Writing: 4/5 Characters: 4/5 Plot: 3.5/5
This was an odd book, though I did enjoy it. Monterey, CA in the 1850s. Eliza Ripple’s short and unhappy marriage is brought to an abrupt halt when her husband is shot in a bar brawl. Eliza takes up the oldest profession in the world, servicing 2-3 clients per evening at a nice brothel and finds her life more enjoyable than the one she had within the marriage her parents had arranged for her. She makes an interesting friend — a woman in a similar profession but aimed at ladies (was this a thing back then or a figment of the author’s imagination? I have no idea!). When the bodies of women — mostly prostitutes like themselves — turn up, they find local law enforcement (such as it is) uninterested, so they feel compelled to figure it out themselves.
This is more of a novel than a mystery, though obviously there is a mystery to be solved and our heroines are trying to solve it, both as a means of self-preservation and out of a sense of justice! Smiley does an excellent job of having Eliza describe her own life and feelings as she discovers them. Eliza is an unsophisticated person, having experienced very little in her life. She learns about geography and other places and foods from sailor clients; she reads the very few books she has access to, and her model of the world expands to encompass what she reads; she becomes observant of people — men in particular — learning what makes them tick and how to take care with assumptions. It’s quite difficult to create a character that has so little education in the ways of the world — removing everything you know in your own brain is so much more difficult than learning something new — and Smiley pulled this off well.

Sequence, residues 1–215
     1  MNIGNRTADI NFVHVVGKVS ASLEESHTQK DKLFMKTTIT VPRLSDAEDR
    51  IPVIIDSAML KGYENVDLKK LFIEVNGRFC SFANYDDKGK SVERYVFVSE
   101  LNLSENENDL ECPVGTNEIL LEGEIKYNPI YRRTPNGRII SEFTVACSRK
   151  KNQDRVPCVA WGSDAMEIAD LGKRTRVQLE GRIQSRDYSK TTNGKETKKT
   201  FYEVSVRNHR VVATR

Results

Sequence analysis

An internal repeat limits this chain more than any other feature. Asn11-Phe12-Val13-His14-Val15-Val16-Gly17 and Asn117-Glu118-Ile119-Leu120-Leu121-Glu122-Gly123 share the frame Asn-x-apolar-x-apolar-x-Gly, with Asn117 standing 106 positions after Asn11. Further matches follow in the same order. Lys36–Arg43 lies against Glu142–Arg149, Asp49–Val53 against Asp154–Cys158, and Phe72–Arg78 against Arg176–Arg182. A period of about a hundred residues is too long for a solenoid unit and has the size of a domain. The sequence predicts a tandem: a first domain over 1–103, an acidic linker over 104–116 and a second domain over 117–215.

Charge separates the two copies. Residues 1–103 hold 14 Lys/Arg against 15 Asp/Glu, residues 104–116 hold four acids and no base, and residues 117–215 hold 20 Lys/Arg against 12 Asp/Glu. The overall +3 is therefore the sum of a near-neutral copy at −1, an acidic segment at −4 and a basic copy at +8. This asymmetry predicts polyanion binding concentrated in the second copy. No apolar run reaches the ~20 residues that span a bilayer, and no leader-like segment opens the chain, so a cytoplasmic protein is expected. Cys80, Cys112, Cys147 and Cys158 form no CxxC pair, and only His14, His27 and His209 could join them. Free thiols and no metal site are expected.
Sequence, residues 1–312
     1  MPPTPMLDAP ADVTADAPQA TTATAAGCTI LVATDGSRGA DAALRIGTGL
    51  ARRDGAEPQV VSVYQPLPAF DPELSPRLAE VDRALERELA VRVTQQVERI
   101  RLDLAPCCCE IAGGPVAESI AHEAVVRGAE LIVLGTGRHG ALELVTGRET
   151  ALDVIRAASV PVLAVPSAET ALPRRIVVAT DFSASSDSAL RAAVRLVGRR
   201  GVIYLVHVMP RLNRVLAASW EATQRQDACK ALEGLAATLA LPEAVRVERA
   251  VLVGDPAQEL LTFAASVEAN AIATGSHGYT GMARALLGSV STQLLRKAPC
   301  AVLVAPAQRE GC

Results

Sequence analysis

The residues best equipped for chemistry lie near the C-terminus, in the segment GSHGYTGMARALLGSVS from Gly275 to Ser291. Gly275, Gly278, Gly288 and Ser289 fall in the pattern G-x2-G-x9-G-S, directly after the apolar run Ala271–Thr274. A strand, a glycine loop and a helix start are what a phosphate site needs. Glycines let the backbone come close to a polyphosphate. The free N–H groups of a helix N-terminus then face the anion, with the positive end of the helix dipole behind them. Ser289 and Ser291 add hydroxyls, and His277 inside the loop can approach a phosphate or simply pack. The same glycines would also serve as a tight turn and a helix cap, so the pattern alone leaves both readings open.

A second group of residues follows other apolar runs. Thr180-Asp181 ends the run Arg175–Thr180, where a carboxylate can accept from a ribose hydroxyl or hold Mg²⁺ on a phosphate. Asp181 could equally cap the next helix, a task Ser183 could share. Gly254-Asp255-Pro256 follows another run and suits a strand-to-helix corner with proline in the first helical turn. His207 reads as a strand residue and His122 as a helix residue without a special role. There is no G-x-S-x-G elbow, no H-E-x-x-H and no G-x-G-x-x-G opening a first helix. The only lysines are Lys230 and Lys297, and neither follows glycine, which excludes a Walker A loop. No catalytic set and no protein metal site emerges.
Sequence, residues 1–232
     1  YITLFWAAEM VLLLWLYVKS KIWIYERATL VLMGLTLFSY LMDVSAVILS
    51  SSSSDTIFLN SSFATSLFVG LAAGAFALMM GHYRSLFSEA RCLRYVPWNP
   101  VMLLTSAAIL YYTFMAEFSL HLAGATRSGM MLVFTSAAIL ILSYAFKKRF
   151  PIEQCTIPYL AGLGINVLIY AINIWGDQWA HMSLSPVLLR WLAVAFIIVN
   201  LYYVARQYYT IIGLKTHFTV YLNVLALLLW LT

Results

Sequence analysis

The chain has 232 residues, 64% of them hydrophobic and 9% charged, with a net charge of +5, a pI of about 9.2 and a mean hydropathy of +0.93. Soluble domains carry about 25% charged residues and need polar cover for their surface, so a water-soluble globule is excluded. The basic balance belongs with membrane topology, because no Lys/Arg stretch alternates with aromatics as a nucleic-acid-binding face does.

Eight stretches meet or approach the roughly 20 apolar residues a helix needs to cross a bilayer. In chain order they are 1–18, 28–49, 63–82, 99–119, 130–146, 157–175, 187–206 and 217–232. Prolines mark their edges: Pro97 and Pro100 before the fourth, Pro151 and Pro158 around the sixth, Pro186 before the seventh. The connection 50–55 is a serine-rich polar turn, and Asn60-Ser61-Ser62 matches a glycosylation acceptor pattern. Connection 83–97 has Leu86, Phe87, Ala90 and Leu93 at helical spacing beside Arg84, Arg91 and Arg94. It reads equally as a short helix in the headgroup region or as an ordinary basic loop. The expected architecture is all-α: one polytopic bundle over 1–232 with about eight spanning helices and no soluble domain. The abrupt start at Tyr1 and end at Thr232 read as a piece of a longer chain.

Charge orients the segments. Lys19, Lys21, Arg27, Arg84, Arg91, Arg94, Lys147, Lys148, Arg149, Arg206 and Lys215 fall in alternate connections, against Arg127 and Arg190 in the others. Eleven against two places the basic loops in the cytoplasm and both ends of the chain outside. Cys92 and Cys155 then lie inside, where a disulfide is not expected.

I have no idea how realistic the portrayal of a small town brothel is, but I liked the straightforward and utterly non-judgmental depiction. I’ve never understood why prostitution — which services a basic biological need — is so vilified even today in our society. I think we would all be much happier if prostitution were both legal and free of stigma for both the providers and the clients!
A little slow paced and with more (albeit well done) descriptions (of nature, weather, the state of the streets, facial characteristics, clothing, etc.) for my taste, I nevertheless found myself continuing to think about the life that was presented — an effective vehicle for putting myself in another person’s very different shoes.
Thank you to Knopf Doubleday Publishing Group Books and NetGalley for providing an advance copy of this book in exchange for my honest review. The book will be published on December 6th, 2022.